Friday, 2 November 2007

Local Exchange Trading Systems (LETS) - an alternative to money

Local Exchange Trading Systems (LETS) are community based systems of skills exchange that allow people to share skills and equipment outside the monetary economy. The sharing is done in a systematic way with members of the scheme earning credit for everything they share and then spending this credit on services or equipment they want in return. For example one person may bake a cake for someone and then use the credit to borrow someone's lawn mower for an afternoon. Although LETS systems allow exhange without money, it isn't really likely that they would replace money, rather they offer an alternative method of trading. Part of the idea behind them is to empower people on lower incomes to access services that they would otherwise find difficult to access, though people of all income levels get involved. We tried to set up a LETS scheme at our workplace a couple of years ago, but it didn't get off the ground because too few people were interested to make it viable. I'd be interested to hear if anyone has any experience of LETS.

Money for Sunday Scribblings

15 comments:

Catherine said...

There's a system here in Christchurch called Plains Exchange and Barter System, I haven't had personal experience of it though. It is quite a big organisation and they have market days where goods can be purchased in "Plains Dollars", as well as trading at other times - a wide range of skills as well as goods, for instance hair dressing, carpentry, etc

You could look at
http://www.lets-linkup.com/32-NewZealand.htm

tumblewords said...

The old bartering system - the time has come and still... A small group started such a system here and it didn't get off the ground. Not sure why. Perhaps lack of communication or the most recent 'sign of the times' which seems to be an underlying distrust of others. Hmmm. Interesting post!

PaulS said...

These types of systems have been tried here in Australia many times. There is quite a succesful one operating in Woodford. Most of the time however they have run out of gas because of the administative load of keeping track of debits and credits. Also the Tax Office now takes an interest as a result of GST (like your VAT, I think) and as soon as that happens the system becomes unworkable. Of course, an informal arrangement like this between neighbours and friends is an excellent source of community.

paisley said...

We tried to set up a LETS scheme at our workplace a couple of years ago,but it didn't get off the ground because too few people were interested to make it viable.

guess there was no "money in it...."

gautami tripathy said...

In rural India such bartering does exist. Although they don't have any name for it. I think it does work for some levels.

Jo said...

I think it's a great idea, but would be very hard to administer for reasons mentioned, which is a shame.

January said...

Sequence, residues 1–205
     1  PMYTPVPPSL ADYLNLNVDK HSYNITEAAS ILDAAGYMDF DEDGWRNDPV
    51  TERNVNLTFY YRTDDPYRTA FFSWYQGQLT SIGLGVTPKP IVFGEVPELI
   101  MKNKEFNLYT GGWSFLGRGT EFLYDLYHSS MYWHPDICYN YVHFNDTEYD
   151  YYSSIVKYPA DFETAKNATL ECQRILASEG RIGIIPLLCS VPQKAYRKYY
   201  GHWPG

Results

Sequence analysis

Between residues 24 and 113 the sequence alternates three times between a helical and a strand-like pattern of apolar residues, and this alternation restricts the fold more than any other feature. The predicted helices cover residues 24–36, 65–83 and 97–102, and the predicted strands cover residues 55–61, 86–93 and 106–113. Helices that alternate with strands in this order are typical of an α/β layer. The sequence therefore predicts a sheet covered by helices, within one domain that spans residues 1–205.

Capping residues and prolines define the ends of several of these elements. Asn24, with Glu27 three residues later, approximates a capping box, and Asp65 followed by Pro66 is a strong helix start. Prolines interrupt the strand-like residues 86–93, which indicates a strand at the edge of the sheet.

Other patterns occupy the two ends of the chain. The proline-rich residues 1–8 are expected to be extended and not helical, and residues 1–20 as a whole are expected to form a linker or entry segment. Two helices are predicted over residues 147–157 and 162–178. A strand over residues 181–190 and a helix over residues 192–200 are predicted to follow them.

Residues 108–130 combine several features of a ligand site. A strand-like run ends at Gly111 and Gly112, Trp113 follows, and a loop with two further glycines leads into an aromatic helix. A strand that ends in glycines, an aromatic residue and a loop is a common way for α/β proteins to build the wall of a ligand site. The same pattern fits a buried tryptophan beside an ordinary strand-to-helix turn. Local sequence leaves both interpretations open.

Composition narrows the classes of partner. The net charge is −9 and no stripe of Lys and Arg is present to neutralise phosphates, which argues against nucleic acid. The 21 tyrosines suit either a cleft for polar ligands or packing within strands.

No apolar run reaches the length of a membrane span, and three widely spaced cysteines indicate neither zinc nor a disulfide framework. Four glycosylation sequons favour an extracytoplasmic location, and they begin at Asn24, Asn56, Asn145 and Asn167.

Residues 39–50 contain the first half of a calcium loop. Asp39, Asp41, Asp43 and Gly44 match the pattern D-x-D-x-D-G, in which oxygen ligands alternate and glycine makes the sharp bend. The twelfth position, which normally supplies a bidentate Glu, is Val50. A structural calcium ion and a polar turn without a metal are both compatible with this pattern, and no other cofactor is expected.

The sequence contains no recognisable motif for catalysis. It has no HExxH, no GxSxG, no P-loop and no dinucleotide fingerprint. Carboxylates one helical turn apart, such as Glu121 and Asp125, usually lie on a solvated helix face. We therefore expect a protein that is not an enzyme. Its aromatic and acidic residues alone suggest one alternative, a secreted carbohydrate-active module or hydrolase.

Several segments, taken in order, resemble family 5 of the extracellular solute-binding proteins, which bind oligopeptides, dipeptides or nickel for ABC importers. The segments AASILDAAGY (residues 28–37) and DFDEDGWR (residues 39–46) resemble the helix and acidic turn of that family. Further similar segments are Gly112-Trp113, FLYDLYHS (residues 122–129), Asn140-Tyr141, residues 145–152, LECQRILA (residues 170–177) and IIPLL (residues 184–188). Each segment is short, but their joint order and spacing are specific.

Sounds like a nice idea. Too bad it wouldn't work in the U.S.

Jennifer Hicks said...

this sounds ideal! my only experience has been with small bartering exchanges (mostly for services) with friends. Valuing goods and services is a tricky one, though!

Ice said...

Juliet,
I admire folks who can institue a barter system ans stick to it as well as they can. For the whole of mankind though, I thnk there is little hope. When I look over the history of humankind I don't believe I'm being cynical just a realist.
I applaud the little pockets of people interested in people and their planet too.
rel

Awareness said...

It's a wonderful idea.....one we have tried to incorporate through a youth summer employment program, but it didn't really fly.

It reminds me of the system that Muhammah Yunnus created and won the Nobel Prize for last year.

UL said...

Of course the barter system, worked well during the Indus Valley civilization, I dont see why it is not possible any more...I guess people dont have the old level of commitment they had in those days! Definitely worth reviving...thanks for sharing.

Crafty Green Poet said...

Catherine - thanks for the link - I'll check that out later.

Tumblewords, Paisley - I think it can be difficult to maintain the momentum, I certainly think that was part of the problem here.

Paul, Jo - yes of course the administrative burden too...

Gautami - that's interesting

January - it might in some places?

Jennifer - yes the valuing things hasbeen a difficult aspect too...

Rel - Yes I guess you are a realist...

Ul - why not indeed?

Awareness - sorry your attempt didn't work out

Gill said...

That is SO interesting. I am sure there is scope for this kind of thing, especially in the rural areas here.

jules said...

paul, there is now an online LETS admin/accounting system, have a look at http://thebegavalley.org.au/bvlets.html
and http://www.community-exchange.org/
where you will find info. on this,

cheers,
jules

Landau Calrisian said...

Hello, I'm not sure if you'll see this comment because it is way down at the bottom. I was googling around for LETS blogs, as yours came up to the top. I'm in the process of getting a LETS system started with the twist that it could be accessible anywhere through text messaging.

I'm trying to do this right, so will probably form a non-profit, etc. In either case, I wanted to gauge your interest, and see if you, or anyone reading this blog would like to volunteer some time to help me. There is much to do, and I think, unfortunately, the timing is right.

Have a good day,
Matthew Landau
mattlandau@yahoo.com
http://twitter.com/matthewlandau (preferred contact method)